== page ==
UN climate talks stall despite G7 push on carbon

8th June 2015, Comments 0 comments

Calls by the Group of Seven (G7) Monday to slash world carbon emissions did little to boost UN climate talks in Bonn, where frustration mounted over the snail-like progress.

Groups of countries pleaded for greater efforts to streamline a draft text for a climate pact due to be adopted at a conference in Paris in just over six months.

"We are very concerned about the pace of negotiations," said Amjad Abdulla of the Maldives, speaking for the Alliance of Small Island States (AOSIS) which are deeply exposed to climate change.

"We have not made the big jump forward that we need," he told a stock-taking session.

"There is clearly an urgent need to make more substantive progress and to proceed at a faster pace than we did last week," said South Africa's Nozipho Mxakato-Diseko on behalf of the so-called G77 and China group of developing nations.

Due to end on Friday, the 11-day Bonn talks are tasked with shaping a draft text for the November 30-December 11 UN conference in Paris, which must yield a global agreement.

The final document is supposed to enshrine the will of 195 countries to roll back climate change, spell out commitments to tackle greenhouse gases and provide aid to vulnerable economies from 2020.

But after a week of wrangling, just about five percent had been shaved off a sprawling near-90-page draft, mostly by removing glaring duplications, said delegates.

And there has been little serious talk about some of the many thorny issues that remain.

Negotiators agreed "the pace and the mode of negotiations need to pick up, that they need to engage with each other on the political issues, not just the mechanical shifting around of text," said veteran analyst Alden Meyer of the Union of Concerned Scientists (UCS).

Elsewhere in Germany, leaders of the G7 industrialised democracies urged global emissions cuts at "the upper end" of a 40-70 percent range by mid-century over 2010 levels.

This is the range proposed by the UN's top climate science panel for a good chance of meeting the goal of limiting global warming to two degrees Celsius (3.6 degrees Fahrenheit) over pre-Industrial Revolution levels.

Scientists warn that on current trends, Earth is on track for double that, setting the stage for worsening drought, flood, rising seas and disease.

- 'Difficult' for Paris -

In other news, a study on China said Monday emissions by the world's largest carbon polluter were likely to peak five years earlier than its own stated target of 2030.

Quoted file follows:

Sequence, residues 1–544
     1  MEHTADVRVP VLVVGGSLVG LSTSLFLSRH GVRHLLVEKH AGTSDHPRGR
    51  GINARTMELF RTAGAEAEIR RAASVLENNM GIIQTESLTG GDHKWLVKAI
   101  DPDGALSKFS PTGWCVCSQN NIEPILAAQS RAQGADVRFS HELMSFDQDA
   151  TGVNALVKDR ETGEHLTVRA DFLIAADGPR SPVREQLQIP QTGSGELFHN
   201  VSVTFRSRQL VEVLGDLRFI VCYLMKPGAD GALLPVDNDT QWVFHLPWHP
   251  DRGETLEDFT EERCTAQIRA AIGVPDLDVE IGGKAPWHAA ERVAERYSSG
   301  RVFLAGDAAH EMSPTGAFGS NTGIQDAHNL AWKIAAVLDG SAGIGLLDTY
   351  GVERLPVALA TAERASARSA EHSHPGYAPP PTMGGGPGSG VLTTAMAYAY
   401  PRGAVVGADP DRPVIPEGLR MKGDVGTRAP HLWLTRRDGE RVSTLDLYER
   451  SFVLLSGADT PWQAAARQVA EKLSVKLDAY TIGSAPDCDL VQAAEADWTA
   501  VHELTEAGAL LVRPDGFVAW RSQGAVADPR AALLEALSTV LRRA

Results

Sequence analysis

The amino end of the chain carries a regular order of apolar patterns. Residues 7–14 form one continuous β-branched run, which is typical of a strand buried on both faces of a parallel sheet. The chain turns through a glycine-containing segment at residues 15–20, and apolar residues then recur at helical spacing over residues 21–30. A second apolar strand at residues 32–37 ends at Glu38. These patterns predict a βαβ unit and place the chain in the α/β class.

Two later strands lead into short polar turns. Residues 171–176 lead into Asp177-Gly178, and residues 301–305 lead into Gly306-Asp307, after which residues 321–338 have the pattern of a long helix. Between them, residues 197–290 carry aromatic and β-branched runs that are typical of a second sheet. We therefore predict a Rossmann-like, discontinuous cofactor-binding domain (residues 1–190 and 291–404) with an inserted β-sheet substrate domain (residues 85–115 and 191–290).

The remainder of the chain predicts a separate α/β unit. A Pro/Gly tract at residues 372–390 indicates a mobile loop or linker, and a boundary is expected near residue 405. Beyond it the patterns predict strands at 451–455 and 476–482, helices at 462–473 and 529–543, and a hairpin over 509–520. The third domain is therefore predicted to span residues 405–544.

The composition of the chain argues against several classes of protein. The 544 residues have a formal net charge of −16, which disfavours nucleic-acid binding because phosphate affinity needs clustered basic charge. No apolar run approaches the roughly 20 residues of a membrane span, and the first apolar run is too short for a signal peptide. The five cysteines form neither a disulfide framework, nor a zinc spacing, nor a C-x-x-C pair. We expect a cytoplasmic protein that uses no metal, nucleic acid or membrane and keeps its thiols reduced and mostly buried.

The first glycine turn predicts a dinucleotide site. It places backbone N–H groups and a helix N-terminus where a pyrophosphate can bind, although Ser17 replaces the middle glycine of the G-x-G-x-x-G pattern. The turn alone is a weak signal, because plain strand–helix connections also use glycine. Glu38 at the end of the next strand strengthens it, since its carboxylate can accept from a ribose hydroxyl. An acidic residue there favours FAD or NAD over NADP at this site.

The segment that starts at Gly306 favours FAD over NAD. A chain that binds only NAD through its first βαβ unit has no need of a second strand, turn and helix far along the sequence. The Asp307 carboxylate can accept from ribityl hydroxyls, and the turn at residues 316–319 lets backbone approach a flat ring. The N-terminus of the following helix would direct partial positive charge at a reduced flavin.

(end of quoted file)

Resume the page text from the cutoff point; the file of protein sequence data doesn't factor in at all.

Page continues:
The researchers, from the London School of Economics (LSE), said their figures boosted the world's chances of reaching the 2C objective.

They cautioned, though, that the pathway also depended on China swiftly cutting its emissions beyond the peak.

But in Bonn, negotiators waded through pages and pages of text projected on big screens, trying to trim superfluous words and paragraphs.

In a bid to speed things up, delegates asked the joint co-chairmen of the talks Monday to take charge of developing a streamlined text proposal, in consultation with specially designated "facilitators".

"We strongly believe that unless we have more condensed text in the near term, it will be very difficult to achieve success for Paris," Abdulla stressed.

Nations remain deeply divided on several underlying issues, key among them such basics as apportioning responsibility between rich and poor for emissions cuts.

And rich countries are under pressure to show how they intend meeting a pledge made in 2009 to bolster climate finance to $100 billion per year by 2020.

But getting to the substance is tricky without first clarifying the choices.

"To be able to take this to ministers, you need to narrow down the options to a manageable set so you can start to get some political guidance," said Meyer.

A workable draft text would make it easier for guidance to emerge from a UN General Assembly "high-level event" on climate change on June 29, and ministerial consultations scheduled for July 21 and 22 in Paris, he added.


© 2015 AFP

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